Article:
Search in the Abstract Database

Search Abstracts 2016

* = Presenting author

NO003 Proving cost effectiveness through implementation of a nurse-led inflammatory bowel disease patient advice line and virtual clinic (CHEAP)

A. Sechi*, E. Sawyer, W. Ng, S. Connor

Liverpool Hospital, Department of Gastroenterology, Liverpool, Australia


In the care of patients with inflammatory bowel disease (IBD), a nurse-led IBD patient advice line (AL) and virtual clinic (VC) is increasingly being recognised as an integral part of the IBD service. The AL is a telephone and e-mail service for patients needing acute advice relating to their IBD. The VC involves the IBD specialist nurse reviewing and triaging patient investigations before a collaborative review with the IBD consultant. A subsequent plan of care is made, actioned, and communicated to the patient via phone or e-mail. The aims of this prospective audit were to evaluate the outcome of the nurse-led AL and VC and to quantify the potential financial implication to the Australian healthcare system.


Data were collected prospectively at Liverpool Hospital, a single tertiary IBD specialist referral centre in Sydney. Each outpatient occasion of service (OOS) was recorded for the AL over a period of 4 months, and for the VC over 6 months. Both periods were completed on October 31, 2015, although data collection is ongoing. An OOS was only included when it resulted in a change to patient management. Each OOS was categorised into: 

a) General practitioner consultation (GPC) avoided

b) IBD outpatient consultation (OPC) avoided

c) Emergency Department (ED) presentation or hospital admission avoided

Costs incurred for the AL and VC included both the nursing time required (mean 21 hours per week) and the gastroenterologists’ time (mean 3 hours per week). Savings were calculated based on the OOS that avoided GPC, IBD OPC, presentation to ED, and admission to hospital. Costs were benchmarked using the Medicare Benefit Schedule (MBS) and Independent Hospital Pricing Authority (IHPA) of Australia, and prices were expressed in Australian dollars (AUD).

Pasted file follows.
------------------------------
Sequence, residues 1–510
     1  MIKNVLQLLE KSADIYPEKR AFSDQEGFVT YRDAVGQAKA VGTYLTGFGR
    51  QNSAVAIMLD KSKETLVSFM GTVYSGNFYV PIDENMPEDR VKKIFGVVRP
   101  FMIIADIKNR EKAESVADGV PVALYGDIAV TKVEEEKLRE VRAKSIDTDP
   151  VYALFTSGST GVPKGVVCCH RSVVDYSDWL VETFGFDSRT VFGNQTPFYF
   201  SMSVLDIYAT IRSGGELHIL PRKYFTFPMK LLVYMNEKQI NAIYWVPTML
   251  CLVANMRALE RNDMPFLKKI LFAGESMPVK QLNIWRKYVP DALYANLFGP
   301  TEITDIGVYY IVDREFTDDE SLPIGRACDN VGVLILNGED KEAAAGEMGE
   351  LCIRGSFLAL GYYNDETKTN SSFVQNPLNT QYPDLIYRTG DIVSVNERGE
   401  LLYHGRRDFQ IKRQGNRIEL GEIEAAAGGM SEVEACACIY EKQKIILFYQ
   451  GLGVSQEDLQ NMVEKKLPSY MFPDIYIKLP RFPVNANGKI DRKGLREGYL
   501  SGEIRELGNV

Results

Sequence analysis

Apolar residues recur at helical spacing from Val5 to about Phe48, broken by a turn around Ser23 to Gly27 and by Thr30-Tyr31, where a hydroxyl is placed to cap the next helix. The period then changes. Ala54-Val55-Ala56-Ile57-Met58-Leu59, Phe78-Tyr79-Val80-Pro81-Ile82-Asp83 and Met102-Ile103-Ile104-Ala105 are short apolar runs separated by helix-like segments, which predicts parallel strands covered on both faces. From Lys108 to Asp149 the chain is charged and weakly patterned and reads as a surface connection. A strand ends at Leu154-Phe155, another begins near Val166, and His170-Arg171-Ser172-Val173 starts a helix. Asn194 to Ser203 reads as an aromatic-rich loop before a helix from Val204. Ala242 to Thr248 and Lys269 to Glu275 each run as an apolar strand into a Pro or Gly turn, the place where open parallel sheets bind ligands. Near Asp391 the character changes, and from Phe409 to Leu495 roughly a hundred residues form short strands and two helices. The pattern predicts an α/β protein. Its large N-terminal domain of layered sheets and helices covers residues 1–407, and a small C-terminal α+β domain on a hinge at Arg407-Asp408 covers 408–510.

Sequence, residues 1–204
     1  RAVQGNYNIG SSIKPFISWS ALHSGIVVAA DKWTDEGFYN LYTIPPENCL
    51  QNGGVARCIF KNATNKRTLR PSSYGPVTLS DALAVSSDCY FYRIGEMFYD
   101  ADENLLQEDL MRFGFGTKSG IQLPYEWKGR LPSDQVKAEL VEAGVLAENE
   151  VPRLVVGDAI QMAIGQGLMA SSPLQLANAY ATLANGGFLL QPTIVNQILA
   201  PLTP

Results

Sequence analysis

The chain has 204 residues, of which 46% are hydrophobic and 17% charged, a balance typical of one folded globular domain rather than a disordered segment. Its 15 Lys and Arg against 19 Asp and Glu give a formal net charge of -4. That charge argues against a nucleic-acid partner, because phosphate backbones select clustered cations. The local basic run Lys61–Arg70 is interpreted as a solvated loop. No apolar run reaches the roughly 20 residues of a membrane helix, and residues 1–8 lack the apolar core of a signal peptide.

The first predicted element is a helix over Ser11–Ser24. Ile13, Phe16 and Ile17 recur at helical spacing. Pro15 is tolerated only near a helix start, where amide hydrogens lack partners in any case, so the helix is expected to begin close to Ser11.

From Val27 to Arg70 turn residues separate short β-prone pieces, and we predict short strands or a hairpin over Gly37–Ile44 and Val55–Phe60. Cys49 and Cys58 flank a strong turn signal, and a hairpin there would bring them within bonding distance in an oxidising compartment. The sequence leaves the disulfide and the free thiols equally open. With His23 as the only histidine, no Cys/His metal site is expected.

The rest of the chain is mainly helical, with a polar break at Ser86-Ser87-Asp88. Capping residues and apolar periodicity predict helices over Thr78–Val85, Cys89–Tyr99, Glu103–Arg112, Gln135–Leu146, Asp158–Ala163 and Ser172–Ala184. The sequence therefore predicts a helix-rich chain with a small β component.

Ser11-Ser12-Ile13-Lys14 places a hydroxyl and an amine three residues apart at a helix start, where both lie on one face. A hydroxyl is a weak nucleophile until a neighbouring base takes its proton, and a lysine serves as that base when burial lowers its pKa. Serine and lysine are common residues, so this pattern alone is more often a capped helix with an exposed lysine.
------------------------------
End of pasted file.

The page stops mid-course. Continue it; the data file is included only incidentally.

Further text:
Over 4 months, 111 calls were received through the AL. Of these, 34 avoided GPC and 70 avoided IBD OPC; 6 ED presentations were avoided; and there was 1 avoided hospital admission. There were 438 VC OOS over the 6 month period. Of these, 3 avoided GPC and 400 avoided IBD OPC, and 34 ED presentations were avoided. There were no unplanned presentations to ED and no unplanned hospitalisations, and 1 patient presented to ED upon instruction. Avoidance of GPC, OPC, and ED presentations led to a projected annual cost saving of $176 350, with the projected annual costs incurred being $65 289. Thus the projected annual net cost savings were $111 061.


Specialised IBD nurse-led AL and VC improves IBD patients’ access to services, as well as overall care, and it reduces healthcare costs. This finding highlights the importance of a proactive multidisciplinary approach in optimising the care of patients with IBD.